“In Britain we have had the Gibson Inquiry and that inquiry has now produced a series of questions that the Intelligence and Security Committee will look at.
“But I am satisfied that our system is dealing with all these issues and I, as Prime Minister, have issued guidance to all of our agents and others working around the world about how they have to handle these issues in future.”
US president Barack Obama described some of the tactics mentioned in the report as “brutal” and “wrong”, adding that the interrogation programme had been put together “very fast without a lot of forethought to what the ramifications might be”.
"We've got better ways of doing things,” he said – and added that the report's publication was important to ensure such instances do not happen again.
In the report, which is a 480-page executive summary of the more than 6,000-page original, chair of the committee, Senator Dianne Feinstein, said that the major lesson was that regardless of the pressures and the need to act, the intelligence community's actions "must always reflect who we are as a nation, and adhere to our laws and standards".
She added: “It is precisely at these times of national crisis that our government must be guided by the lessons of our history and subject decisions to internal and external review.
“Instead, CIA personnel, aided by two outside contractors, decided to initiate a programme of indefinite secret detention and the use of brutal interrogation techniques in violation of US law, treaty obligations, and our values.”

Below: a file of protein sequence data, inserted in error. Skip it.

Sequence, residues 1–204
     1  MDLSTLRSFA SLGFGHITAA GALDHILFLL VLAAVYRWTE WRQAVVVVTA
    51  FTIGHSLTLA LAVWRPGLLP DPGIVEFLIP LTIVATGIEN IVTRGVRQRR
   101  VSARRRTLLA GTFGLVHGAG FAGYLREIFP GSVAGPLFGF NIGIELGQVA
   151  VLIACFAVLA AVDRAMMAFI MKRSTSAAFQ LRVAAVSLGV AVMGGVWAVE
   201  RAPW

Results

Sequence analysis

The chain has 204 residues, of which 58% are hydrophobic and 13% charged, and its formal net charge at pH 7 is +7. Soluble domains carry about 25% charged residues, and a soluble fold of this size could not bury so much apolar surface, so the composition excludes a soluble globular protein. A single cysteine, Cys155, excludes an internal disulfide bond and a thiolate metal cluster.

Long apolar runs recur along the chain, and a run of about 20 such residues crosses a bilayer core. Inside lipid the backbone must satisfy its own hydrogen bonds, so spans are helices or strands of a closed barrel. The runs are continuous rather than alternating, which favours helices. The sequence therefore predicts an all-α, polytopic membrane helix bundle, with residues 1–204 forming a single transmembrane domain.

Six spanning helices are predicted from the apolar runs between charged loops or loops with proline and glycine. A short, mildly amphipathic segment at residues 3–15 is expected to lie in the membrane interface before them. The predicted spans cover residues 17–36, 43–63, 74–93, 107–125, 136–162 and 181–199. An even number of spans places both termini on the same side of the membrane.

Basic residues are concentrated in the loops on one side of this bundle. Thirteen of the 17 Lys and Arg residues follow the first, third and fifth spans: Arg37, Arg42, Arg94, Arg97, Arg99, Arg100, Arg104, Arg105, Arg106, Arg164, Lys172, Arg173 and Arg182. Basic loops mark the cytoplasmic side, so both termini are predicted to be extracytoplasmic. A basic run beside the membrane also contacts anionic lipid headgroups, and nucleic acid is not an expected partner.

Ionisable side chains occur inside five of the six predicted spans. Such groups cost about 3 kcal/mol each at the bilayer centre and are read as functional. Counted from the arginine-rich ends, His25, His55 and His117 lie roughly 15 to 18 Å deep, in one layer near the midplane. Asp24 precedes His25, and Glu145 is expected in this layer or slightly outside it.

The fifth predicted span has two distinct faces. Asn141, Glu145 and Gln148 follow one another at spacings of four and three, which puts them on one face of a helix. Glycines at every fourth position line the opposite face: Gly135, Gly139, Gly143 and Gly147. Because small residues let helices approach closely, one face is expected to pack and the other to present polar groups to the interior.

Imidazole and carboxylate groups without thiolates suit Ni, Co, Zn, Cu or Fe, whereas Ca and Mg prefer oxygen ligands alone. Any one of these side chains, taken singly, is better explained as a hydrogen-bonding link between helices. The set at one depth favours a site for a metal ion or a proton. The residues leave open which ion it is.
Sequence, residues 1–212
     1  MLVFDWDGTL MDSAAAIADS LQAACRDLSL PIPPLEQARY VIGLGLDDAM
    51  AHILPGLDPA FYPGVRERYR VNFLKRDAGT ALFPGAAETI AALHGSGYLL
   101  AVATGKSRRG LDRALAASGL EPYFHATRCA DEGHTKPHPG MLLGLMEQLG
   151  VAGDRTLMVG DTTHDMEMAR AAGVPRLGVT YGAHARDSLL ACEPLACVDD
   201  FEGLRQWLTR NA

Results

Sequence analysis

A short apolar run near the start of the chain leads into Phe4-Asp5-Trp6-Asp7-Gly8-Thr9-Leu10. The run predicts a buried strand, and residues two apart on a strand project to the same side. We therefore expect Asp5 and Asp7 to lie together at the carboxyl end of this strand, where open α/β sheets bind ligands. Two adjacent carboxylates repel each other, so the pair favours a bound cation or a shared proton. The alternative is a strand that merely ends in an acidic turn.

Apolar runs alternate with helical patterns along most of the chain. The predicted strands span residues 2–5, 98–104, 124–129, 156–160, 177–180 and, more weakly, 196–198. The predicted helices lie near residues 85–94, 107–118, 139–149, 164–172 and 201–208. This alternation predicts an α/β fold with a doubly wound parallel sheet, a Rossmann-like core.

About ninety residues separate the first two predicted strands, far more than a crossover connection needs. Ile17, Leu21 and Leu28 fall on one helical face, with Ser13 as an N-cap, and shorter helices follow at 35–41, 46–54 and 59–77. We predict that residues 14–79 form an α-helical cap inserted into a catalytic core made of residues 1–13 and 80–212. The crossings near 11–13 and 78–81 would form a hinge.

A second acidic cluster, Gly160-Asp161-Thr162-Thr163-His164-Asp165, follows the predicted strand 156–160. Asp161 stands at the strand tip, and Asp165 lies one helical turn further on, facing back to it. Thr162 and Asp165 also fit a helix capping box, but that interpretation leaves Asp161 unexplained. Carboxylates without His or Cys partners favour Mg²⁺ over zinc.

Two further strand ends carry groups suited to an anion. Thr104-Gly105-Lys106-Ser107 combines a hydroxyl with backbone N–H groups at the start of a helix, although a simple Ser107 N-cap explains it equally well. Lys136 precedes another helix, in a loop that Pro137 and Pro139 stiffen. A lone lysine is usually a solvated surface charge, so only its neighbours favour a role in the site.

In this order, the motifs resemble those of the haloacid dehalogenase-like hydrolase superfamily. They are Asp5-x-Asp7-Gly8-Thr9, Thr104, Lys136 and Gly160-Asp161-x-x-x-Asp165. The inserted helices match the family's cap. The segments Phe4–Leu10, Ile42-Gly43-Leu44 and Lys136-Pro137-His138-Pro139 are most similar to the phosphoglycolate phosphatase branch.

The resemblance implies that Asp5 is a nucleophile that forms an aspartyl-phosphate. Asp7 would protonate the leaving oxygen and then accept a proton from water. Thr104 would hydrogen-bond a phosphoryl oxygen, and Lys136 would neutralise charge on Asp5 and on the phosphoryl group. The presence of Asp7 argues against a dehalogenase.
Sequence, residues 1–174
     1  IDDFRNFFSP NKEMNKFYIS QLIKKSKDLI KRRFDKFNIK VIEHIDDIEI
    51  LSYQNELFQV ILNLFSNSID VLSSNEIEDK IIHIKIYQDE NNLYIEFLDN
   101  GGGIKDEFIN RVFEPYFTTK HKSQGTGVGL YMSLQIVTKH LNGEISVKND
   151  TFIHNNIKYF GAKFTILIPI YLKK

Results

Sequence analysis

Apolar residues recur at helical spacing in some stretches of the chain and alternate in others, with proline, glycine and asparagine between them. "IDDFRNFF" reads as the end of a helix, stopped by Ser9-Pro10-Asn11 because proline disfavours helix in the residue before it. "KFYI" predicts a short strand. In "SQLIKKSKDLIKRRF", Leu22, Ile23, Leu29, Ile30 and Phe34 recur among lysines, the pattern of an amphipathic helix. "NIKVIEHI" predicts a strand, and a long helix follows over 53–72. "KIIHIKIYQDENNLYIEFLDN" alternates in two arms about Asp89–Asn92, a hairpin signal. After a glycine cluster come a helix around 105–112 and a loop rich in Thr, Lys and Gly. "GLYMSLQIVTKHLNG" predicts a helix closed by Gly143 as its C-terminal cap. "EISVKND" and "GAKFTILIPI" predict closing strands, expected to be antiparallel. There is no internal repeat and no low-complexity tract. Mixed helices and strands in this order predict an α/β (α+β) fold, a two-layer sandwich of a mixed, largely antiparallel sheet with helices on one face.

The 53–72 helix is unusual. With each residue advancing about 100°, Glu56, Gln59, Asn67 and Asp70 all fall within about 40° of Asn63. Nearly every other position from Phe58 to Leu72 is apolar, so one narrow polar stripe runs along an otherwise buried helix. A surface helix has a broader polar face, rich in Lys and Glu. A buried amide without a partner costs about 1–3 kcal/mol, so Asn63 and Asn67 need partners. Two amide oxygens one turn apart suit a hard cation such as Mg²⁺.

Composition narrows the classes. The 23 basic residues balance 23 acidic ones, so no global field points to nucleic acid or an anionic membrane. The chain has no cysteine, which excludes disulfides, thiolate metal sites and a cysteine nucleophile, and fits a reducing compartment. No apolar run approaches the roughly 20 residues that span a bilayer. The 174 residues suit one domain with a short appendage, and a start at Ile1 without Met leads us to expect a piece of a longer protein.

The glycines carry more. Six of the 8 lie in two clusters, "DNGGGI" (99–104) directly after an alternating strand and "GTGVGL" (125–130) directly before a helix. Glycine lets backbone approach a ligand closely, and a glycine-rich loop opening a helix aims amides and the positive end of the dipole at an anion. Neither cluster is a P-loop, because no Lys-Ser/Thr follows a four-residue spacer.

But CIA director John Brennan insisted that the controversial methods did produce intelligence that helped thwart attack plans, capture terrorists and save lives.
He admitted that the agency had "made mistakes" and acknowledged that the detention and interrogation programmes “had shortcomings”, but said that the CIA disagreed with the committee on some key points.
“The intelligence gained from the programme was critical to our understanding of al-Qaeda and continues to inform our counter-terrorism efforts to this day,” he said.
The Justice Department decided on Tuesday not to re-open a criminal investigation into the CIA's treatment of detainees, stating that they had "reviewed the committee's full report and did not find any new information that they had not previously considered in reaching their determination''.
But British human rights groups have joined for a judge-led inquiry into the UK's involvement in the scandal.
Director of Liberty Shami Chakrabarti said: “The breadth and brutality of CIA torture is laid bare - can our own authorities keep averting their eyes?
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“Still no sign of a judge-led inquiry into UK involvement in this shameful scandal - instead the Government's new Bill furnishes the agencies with more powers to leave Britons vulnerable to torture abroad.”
Amnesty International Americas director Erika Guevara Rosas said: “This is a wake-up call to the USA, they must disclose the full truth about the human rights violations, hold perpetrators accountable and ensure justice for the victims. This is not a policy nicety, it is a requirement under international law.”